My flesh and my heart may fail, but God is the strength of my heart and my portion forever.
Psalm 73:26

I don’t think she realized how true that statement would be for her life in just a few days.

My dad then asked me, “Should we let her go? Should we tell them to stop reviving her?”

I can tell you with absolute certainty that what came out of my mouth next was both the easiest and hardest thing I had ever said.

I told him we should let her go, and in that moment I knew it was right and I felt peace for the first time in 3 days.

I was so sad, but I was so at peace because something in me knew for the first time in my life with absolute certainty that this was God’s plan. Sitting around her bed with my family, waiting for her heart to slow to a stop, I began to know, though not completely,  the sorrow, the hope, and the strength the Blessed Mother felt watching her son die on the cross.

Mary watched her son be beaten until he was unrecognizable. She watched him suffer as he walked with the cross up to Calvary. She watched him labor to breathe as he hung there. She felt the sadness and the sorrow for the pain of her son. She wished there was another way, but knew there wasn’t. She knew that she would miss him, but I believe she also knew that the suffering was worth the cost. She knew of her Son’s great love for us and she knew this was necessary in order for Him to gain salvation for those He loved. She knew that there was hope in this. She knew that there was hope, and that gave her strength.

In the same way, I knew of my mom’s great love for her children. I knew that if there was any way that she would want to leave this world—this would be it. Doing something she loved—being a mother– Giving that final piece of her heart to the world. I had hope and strength because my mom’s death was one of the greatest acts of love I’ve ever witnessed.

Bl.Mother Teresa once said

“ Love, to be real, it must cost– it must hurt—it must empty us of self.”

Her self-giving love was such a powerful witness of Christ’s sacrifice for me— and for all of us– one that will leave an indelible mark on my heart for the rest of my life.

After my mom passed, though, I began to feel the same confusion the apostles felt. After Christ died, they didn’t know what to do, so they hid. In the same way, I felt just as lost. My mom was my rock. The one who I turned to for comfort, for faith, for her opinion, and her advice. For the first time, I had to look at my world standing on my own two feet instead of leaning on her. I moved home to help my dad take care of Jennie and the rest of my siblings, and let me tell you— there were a lot of times this year that I hid just like the apostles. I hid from the people in my life that I cared about, from my own emotions, and even from God.  There were a lot of times when I wasn’t strong, when I couldn’t feel the peace that I felt that first night quite as strongly—But God was still there in those moments too. I don’t know what I would do without my brothers, my dad,my family, my friends, my church community. The outpouring of love that I and my family have received from our community in this year has constantly reminded me that I was not lost, and that there was no need to hide. Through the suffering, the doubt, and the pain—the hope of new life breaks through. The promise of the resurrection and salvation of God permeated even my darkest times. All I had to do was grasp it and hold on. When I miss my mom, I always remember that because of the great love and passion of Christ, my mom has found salvation, and that always brings me joy.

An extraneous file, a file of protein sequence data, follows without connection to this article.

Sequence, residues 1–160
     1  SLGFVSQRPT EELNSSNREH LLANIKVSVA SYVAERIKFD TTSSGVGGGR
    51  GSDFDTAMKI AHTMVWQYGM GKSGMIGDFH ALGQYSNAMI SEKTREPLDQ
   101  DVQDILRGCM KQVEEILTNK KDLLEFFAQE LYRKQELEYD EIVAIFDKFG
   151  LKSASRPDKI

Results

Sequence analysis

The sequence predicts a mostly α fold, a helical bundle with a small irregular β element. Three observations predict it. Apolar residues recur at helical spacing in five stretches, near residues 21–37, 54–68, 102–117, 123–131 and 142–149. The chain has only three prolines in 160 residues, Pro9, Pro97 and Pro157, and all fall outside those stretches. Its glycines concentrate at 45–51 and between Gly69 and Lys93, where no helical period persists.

Joy—true Easter joy—is not just about being happy.

Joy is the fruit of our faith, hope, and love. It’s knowing that God is working and is close to our hearts in the good and the bad. It’s knowing that God works for the good of those who love Him, and that the trials of this life are nothing compared to the eternity that is waiting for us in heaven.

“Truly, truly, I say to you, you will weep and lament, but the world will rejoice; you will be sorrowful, but your sorrow will turn into joy. When a woman is in labor she has sorrow, because her hour has come, but when she delivers the child, she no longer remembers the anguish, because of the joy of knowing that a child is born into the world. So you have sorrow now, but I will see you again and your hearts will rejoice, and no one will take your joy from you.”
John 16:20-22

This is my prayer for all of you this Easter—whoever you may be– that you would know the true Easter joy and let NO ONE or NOTHING take that joy from you. Whatever battle you are facing, big or small, be assured that Christ has already won. Know that He is and will always be victorious over suffering and  death. YOU belong to Christ, who has purchased your salvation with His unending love.So when you are suffering, walk with Christ and his mother up to Calvary and share in his cross, but always remember that his suffering leads to the hope of new life and there is always a reason to rejoice!

HE IS RISEN!

Happy Easter!

-Hailey

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In Memory of Gwen DeLaune
Jan 10, 1972- March 23, 2015

Let’s talk about the D-word!

Ha. No—not that ‘D’ word. The other one.

Discernment.

If you’re Catholic/Christian and in your early to mid 20’s you have probably heard that term ad nauseam. I feel like I hear it on a daily basis but I feel that a lot of us use the term too flippantly.